This week the House of Lords has been in the news for all the wrong reasons – with widespread criticism of David Cameron’s latest round of appointments, which have seen the already oversized chamber grow further still. Such negative stories have become common since Cameron became Prime Minister. Meg Russell reports on updated research about media representations of the Lords, and shows definitively the damaging effects that uncontrolled prime ministerial appointments have had on the chamber’s reputation since 2010.

This has been a disastrous news week for the Lords. David Cameron’s appointment of an additional 45 new peers has met with universal media condemnation. We have been told that the Lords is an ‘obese, obsolescent body’ (Telegraph) or an ‘upper house of sleaze and cronyism’ (Sunday Express), that ‘the bloated Upper House has become a laughing stock’ (Mail) or ‘a national embarrassment’ (Sunday Times), and that there is a need to ‘cut the bloated House of Lords down to size’ (FT). The Mirror greeted the appointments with the headline ‘Just when you thought the House of Lords couldn’t get worse’, while one columnist in the Guardian suggested that ‘the latest list of dissolution honours is so self-parodically venal that it resembles a dare’. An analysis of the week’s coverage by media-watcher Roy Greenslade concluded that ‘National newspapers of the left, right and centre were united in their disgust’. As an Observer commentator put it, ‘where is there left to go when Polly Toynbee of the Guardian and Quentin Letts in the Mail find themselves in perfect agreement?’

This is a deeply depressing situation. Such stories can only serve to drive down trust in the House of Lords, and thus more generally in parliament, and indeed probably in politics as a whole. The growing size of the chamber is already threatening its effectiveness. If the Lords is derided, and becomes ever less well respected, this too risks making it increasingly less capable of carrying out its important tasks of scrutinising legislation and holding the government to account.

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Is David Cameron actually seeking to destroy the Lords?

Meg-Russell

Yesterday’s new peerage appointments attracted almost universal criticism for further adding to the inexorable growth in size of the House of Lords under David Cameron. But could the gradual erosion of the Lords’ reputation actually benefit the government by weakening parliament? Might it even be a deliberate plan? And – given that the Prime Minister holds all the cards – what can be done about it? Meg Russell comments.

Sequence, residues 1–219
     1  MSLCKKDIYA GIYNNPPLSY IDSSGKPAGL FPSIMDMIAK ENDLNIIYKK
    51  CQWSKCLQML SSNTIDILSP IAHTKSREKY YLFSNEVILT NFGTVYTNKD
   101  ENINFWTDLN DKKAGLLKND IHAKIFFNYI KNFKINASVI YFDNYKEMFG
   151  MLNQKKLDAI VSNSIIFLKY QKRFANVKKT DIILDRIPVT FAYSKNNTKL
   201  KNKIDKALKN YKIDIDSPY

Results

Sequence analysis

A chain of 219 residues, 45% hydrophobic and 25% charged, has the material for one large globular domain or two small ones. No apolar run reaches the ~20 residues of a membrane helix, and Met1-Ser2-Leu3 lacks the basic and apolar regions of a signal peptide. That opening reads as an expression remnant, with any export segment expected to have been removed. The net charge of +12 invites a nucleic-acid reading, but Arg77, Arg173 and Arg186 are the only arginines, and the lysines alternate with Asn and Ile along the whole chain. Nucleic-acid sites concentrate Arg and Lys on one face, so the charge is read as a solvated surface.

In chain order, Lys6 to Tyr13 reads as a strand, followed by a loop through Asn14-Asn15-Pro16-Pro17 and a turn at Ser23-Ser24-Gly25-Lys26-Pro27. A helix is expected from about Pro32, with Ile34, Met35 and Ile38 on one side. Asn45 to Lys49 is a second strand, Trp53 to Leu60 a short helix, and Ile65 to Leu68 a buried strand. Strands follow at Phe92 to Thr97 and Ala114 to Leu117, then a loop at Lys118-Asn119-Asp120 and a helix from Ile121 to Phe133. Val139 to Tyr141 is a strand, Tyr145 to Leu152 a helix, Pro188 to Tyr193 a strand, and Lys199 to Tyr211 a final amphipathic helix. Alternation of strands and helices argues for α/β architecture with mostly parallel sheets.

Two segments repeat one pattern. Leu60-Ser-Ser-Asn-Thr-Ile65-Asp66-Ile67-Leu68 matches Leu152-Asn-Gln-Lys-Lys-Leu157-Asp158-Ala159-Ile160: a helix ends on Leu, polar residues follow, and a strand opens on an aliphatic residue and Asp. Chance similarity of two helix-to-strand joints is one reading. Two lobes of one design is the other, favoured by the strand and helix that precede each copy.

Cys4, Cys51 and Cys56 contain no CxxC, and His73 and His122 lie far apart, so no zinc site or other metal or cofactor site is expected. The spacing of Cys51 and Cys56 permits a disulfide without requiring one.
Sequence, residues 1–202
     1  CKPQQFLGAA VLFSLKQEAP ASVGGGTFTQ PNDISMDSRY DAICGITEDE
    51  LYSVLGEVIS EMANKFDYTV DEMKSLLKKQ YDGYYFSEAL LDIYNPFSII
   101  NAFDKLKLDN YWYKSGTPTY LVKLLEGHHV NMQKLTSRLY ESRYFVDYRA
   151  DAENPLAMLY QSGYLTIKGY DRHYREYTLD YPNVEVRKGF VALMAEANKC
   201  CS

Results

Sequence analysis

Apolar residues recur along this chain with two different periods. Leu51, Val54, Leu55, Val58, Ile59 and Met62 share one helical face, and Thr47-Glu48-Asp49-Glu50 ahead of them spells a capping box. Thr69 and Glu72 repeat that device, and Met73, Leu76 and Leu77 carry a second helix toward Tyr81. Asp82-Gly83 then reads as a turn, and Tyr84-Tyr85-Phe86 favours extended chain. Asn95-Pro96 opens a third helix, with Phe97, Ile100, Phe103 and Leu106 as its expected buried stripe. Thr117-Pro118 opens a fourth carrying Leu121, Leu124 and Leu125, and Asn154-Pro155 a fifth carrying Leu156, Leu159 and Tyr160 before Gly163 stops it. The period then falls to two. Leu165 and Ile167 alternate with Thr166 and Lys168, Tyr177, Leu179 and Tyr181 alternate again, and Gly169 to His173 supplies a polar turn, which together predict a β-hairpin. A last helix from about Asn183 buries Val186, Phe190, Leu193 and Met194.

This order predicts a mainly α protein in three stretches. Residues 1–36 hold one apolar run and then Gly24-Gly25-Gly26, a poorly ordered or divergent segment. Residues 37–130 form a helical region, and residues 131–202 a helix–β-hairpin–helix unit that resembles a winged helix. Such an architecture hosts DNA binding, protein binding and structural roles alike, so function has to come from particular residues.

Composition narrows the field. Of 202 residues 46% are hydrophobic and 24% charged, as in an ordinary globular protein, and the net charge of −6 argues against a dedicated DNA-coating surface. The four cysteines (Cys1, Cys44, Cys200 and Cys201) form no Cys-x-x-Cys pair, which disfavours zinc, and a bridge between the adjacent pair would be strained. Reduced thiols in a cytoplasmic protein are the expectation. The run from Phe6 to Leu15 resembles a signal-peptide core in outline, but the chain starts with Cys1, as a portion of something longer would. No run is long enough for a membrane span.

Click here to access a printer-friendly PDF of this post.

This post has an eye-catching title, but it isn’t a joke – my question is deadly serious. David Cameron’s list of 45 new appointments to the Lords, announced this week, has attracted predictable wails of outrage – from the media, from opposition parties , and indeed from myself. His Lords appointments in the last five years have been completely disproportionate. As I demonstrated in a report earlier this year, he has created new peers at a faster rate than any other Prime Minister since life peerages began in 1958. Although growth in the size of the chamber has always been a problem, since 2010 it has escalated to new proportions. As is clear from my well-rehearsed graph, updated for this week’s appointments, the upward trajectory increased sharply from 2010. In the 11 years of Labour government from 1999-2010 the chamber grew by 40-70 members (depending how you measure it); in the five short years since Cameron took office, it has grown by two to three times as much.

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Note: ‘Actual eligible membership’ includes those on leave of absence and otherwise temporarily excluded from the chamber, all of whom could potentially return. Source: House of Lords Information Office figures from January each year, updated with 2015 appointments.